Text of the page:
THE results of the 2016 Community Satisfaction Survey of South Gippsland Shire Council are out and they make no better reading than usual. Council’s performance on all core measures has changed little in recent years. It still trails average ratings for Large Rural Councils and for the State as a whole. Scored on a 100-point index scale, most core measures rate below 50.
It should be noted, however, that average performance measures for Large Rural Councils and Statewide are rarely much above 50 and certainly never anywhere near 100.
Annual Local Government Community Satisfaction Surveys are coordinated by Local Government Victoria (LGV) on behalf of local councils. A total of 400 randomly completed interviews were conducted in South Gippsland Shire between February 1 and March 30.
Of the core measures, Council continues to perform best in the area of Customer Service, and higher results were received for Community Decisions, Sealed Local Roads and Advocacy. Lower results were for Overall Performance and Community Consultation.
When it came to ‘Best Thing About Council,’ residents pointed to Parks and Gardens, Councillors and Customer Service, while indications of where ‘Council most needs to improve’ included Sealed Road Maintenance, Community Consultation and Expensive Rates.
Mayor, Cr Robert Newton, said Sealed Local Roads continued to be the most problematic area, despite improving by three points.
“This is most concerning, as 11 of the 17 roads specified by respondents as being poor are State Government roads managed by VicRoads. The top two most cited roads are State highways,” Cr Newton said.
“This clearly means that more needs to be done by Council and VicRoads in terms of informing the community about who owns and manages what roads.”
Cr Newton said he believed the survey did not accurately reflect the ongoing work behind the scenes to achieve success.
“The Karmai Community Children’s Centre in Korumburra means better access for local families, long-awaited extensions to the iconic Great Southern Rail Trail means we now have a continuous trail from Leongatha to Port Welshpool, our effort in lobbying for both the Corner Inlet Tourism Development project and South Gippsland Highway Black Spur Alignment has put these invaluable projects firmly on the agenda,” he explained.
“There is an ambitious capital works program planned across the Shire, with $20.81M earmarked for works around property, plant and equipment and infrastructure. It is a significant achievement to be in a solid financial position and able to increase our Capital Works Program compared to past years while also adapting to rate capping. This amount was set and prioritised based on ongoing consultation with our community, as well as strategic planning to assess needs and develop sound business cases for each project.”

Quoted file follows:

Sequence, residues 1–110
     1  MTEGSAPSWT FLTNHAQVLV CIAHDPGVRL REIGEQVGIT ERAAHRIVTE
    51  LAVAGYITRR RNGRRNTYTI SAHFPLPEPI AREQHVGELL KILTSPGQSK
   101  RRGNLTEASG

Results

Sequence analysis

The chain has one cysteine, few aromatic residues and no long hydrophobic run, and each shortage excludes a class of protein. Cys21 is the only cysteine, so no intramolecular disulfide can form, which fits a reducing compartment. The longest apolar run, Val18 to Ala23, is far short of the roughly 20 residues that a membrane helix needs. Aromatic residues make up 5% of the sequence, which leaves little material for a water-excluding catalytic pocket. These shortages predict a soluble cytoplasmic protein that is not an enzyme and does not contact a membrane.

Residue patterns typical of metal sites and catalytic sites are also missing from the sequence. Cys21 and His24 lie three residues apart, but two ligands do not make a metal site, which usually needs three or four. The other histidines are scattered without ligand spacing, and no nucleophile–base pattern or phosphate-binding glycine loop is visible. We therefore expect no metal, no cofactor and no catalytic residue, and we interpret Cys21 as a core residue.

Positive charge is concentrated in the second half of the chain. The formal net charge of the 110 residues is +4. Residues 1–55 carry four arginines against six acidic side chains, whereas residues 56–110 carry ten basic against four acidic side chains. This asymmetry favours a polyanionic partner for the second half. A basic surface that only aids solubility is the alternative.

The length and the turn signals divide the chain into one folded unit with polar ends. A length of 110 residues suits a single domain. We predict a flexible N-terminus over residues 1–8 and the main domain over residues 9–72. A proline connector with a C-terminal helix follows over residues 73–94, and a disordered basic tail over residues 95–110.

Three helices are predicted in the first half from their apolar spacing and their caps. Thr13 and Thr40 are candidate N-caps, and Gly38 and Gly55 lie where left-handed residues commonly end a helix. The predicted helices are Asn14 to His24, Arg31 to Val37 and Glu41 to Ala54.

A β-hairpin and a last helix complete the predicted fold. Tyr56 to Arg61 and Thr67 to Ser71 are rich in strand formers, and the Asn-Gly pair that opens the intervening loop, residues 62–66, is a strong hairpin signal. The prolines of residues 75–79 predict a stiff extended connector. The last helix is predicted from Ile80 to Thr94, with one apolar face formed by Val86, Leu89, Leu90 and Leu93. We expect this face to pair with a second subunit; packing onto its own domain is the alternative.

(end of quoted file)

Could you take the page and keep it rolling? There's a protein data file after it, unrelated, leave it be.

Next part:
The results of the 2016 survey were tabled at the June council meeting.
Cr Jim Fawcett said that when he first joined Council in 2008 he thought the performance index would be relatively easy to move.
“But it has stayed stubbornly the same,” he said. “I am sure the concern in our community about roads is genuine, but it is mainly about State Government roads.”
Cr Fawcett said the survey results were fairly steady, only moving up or down a few points, but however frustrating councillors found this, they should continue to try to improve. “We will learn from it and continue to strive to improve,” he vowed.
Cr Andrew McEwen could not bring himself to vote for the report. He said: “It has become somewhat of a ritual that we get an appalling report and we continue not to substantially change. We should be asking why. I concur with Cr Fawcett that most of the roads are not our problem, but that’s not all…If we were running a business we’d be bankrupt. The reality is the results are not good and are not a good reflection of us.”
Cr Kieran Kennedy suggested that all levels of government are “on the nose” and the answer lay in community boards, who would liaise between Council and the community and give the community a deeper understanding of the work of local government.
“It’s important that we don’t overstate this,” said Cr Mohya Davies. She suggested that the results were likely to be skewed by the reaction of survey participants irked at being asked to respond to a survey over dinnertime.
“I’m glad we scored best  for our Customer Service,” she said, directing councillors to some of the better results in the survey.
Cr Fawcett said he echoed Cr Davies’ “glass half full” approach and noted: “In politics 51 per cent is a favourable outcome. The reality is we’ll never impress everyone.”